She noted in neighbouring communities such as Fenelon Falls and Bobcaygeon there are brand new parks and splash pads for children. She believes they plan the town with children and families in mind.
“I feel like sometimes this town doesn’t,” she said.
Roberts is looking at this situation as an opportunity to garner public support for fundraising and input on a new playground structure.
“So, let’s have some public input about what the kids want with the moms and dads along with the caregivers want before a purchase is made. But we will have to be making a decision on it in July,” she said.
She noted there are playground structures available throughout Dysart such as in West Guilford, Eagle Lake and Haliburton Lake. Roberts said any perceived greater use of the equipment during the pandemic wasn’t a factor in its deterioration, but rather typical wear and tear and exposure to the elements.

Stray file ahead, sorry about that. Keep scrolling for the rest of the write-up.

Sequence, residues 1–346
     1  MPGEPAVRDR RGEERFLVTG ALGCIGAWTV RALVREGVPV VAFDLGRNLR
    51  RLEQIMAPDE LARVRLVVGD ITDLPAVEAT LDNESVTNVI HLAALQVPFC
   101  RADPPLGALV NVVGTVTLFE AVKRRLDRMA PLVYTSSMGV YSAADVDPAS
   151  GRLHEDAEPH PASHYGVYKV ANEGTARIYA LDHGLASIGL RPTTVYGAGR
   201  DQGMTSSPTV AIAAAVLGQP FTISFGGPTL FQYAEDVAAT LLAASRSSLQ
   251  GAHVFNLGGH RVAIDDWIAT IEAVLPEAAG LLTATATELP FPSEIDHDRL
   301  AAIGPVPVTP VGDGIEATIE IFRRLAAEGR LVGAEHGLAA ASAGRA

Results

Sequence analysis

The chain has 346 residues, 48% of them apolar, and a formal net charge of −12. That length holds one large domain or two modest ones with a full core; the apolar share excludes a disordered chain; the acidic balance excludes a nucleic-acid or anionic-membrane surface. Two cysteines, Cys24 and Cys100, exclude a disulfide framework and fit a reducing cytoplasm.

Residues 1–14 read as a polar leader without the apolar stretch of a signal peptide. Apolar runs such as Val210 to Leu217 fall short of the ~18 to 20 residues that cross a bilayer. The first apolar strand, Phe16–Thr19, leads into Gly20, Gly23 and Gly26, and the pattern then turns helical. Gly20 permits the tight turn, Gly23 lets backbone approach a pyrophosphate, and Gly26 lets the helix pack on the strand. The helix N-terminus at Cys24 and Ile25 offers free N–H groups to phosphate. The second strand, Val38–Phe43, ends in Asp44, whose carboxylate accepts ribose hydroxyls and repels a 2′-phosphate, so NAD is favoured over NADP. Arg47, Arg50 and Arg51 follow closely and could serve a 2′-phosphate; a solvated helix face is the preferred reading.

“As far as not budgeting for a replacement this year, Roberts defended the town’s position about not being able to predict the future.
“Like I said, if somebody has a crystal ball … we all have these things even in our own home and you think, well I’ll just go and do this repair because this should last a few more years,” she said.
She believes this situation could yield a better playground [structure] with the cost starting at $100,000. She adds the park still has other features such as the beach and the incoming equipment.
“Hey, we did without an arena for a year and a half and that affected a lot of people, so we sadly will have to do that without the playground equipment at Head Lake Park for 2022,” she said.